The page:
I did make a lot of mistakes there in the beginning (don’t we all?), and I was scared shitless of being fired again after every single tiny mistake, but I learned some things from being fired.
- I learned to take responsibility for my mistakes. This is hard to take, but if I botch something because I was looking at my deadline instead of the quality of my own work, then I have no one else to blame but myself.
- I learned to accept rather than resent. The other place? I didn’t belong there.
- I learned that my mistakes have made me stronger. Took a while, but I’m definitely not the same kind of worker.
- I learned to accept myself for who I am. My job does not define me. Working there was not my life, it wasn’t meant to be, and it’s nothing to be ashamed of.
- I learned that failure is just the beginning. My failure gave me the opportunity to question myself and find out who I really am.
- I learned that making mistakes is not the end. Period. Errors are human. We’re the ones torturing ourselves because of them.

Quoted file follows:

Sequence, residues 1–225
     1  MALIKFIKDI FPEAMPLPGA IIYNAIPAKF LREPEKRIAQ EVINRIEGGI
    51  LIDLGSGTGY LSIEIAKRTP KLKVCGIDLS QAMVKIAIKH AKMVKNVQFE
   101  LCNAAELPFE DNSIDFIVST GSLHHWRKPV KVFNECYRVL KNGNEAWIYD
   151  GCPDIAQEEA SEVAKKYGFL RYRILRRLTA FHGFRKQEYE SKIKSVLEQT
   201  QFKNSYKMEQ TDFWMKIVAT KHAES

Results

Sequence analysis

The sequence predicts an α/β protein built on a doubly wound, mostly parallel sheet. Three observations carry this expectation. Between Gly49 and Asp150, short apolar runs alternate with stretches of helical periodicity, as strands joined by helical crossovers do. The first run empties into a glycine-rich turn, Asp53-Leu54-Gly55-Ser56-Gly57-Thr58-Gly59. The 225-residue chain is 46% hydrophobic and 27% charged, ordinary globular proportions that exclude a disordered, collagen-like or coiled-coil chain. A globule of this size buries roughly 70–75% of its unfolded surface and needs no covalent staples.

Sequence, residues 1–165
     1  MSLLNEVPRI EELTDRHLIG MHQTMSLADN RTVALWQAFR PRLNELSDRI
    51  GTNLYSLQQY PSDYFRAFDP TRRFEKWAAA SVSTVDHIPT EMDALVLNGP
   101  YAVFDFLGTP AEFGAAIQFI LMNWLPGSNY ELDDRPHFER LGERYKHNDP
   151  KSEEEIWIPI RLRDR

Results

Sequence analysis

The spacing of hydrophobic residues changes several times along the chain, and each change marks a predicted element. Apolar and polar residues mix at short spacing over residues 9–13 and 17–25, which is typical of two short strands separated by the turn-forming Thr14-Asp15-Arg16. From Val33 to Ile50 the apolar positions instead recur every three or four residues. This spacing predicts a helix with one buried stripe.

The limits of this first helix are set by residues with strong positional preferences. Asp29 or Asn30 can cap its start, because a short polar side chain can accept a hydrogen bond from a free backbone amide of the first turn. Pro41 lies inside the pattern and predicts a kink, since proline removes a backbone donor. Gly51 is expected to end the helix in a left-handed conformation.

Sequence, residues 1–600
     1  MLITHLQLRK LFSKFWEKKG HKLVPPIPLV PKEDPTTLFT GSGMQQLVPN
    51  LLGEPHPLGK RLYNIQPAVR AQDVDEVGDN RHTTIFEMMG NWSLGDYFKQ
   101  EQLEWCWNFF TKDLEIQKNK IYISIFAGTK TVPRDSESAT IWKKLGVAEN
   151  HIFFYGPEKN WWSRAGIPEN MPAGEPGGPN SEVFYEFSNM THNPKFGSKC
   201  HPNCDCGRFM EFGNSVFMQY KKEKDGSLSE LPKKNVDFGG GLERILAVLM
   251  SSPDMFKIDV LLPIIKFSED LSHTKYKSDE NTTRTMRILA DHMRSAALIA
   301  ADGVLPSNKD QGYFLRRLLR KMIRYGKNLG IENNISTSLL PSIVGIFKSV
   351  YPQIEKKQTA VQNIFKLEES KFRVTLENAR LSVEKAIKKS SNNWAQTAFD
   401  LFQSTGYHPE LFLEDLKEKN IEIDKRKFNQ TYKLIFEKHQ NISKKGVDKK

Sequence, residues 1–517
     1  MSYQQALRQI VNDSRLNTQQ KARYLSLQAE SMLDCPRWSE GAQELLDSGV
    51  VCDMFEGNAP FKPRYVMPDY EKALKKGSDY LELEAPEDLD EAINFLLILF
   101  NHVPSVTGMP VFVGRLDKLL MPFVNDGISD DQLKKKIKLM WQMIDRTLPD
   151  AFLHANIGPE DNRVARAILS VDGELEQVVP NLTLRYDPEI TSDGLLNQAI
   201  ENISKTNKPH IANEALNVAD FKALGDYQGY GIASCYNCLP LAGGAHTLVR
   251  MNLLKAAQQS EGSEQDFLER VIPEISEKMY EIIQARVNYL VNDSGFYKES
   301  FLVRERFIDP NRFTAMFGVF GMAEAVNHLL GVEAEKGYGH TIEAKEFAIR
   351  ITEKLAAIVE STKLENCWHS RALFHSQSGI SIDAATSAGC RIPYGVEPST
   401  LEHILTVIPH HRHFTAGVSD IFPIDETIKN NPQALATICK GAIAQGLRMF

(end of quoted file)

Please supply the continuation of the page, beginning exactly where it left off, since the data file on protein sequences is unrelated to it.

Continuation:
- I learned that failure is not a failure until your abandon. I abandoned, therefore it was a failure. But it kind of isn’t, because here I am today.
- I learned that many successful people failed somehow. Inspiration goes a long way when you’re feeling depressed. Seriously. Although at first you kind of feel like they had lucky stars and you don’t.
- I learned to take a fresh start for what it is: the opportunity to right my wrongs. This do-over re-energized me and gave me the wake-up call I needed to view my life in a slightly different way.
To end this long story…
Getting fired hurts like a knife in the guts, and can kill you as surely as if you had truly been gutted. However, it is an opportunity to take a step back, make peace with yourself and learn from your mistakes. It was an opportunity for me to try to salvage my life and build it to take the reins.
I hope you can learn from my experience with failure. Let me know if something similar has happened to you, and how you’ve personally dealt with it.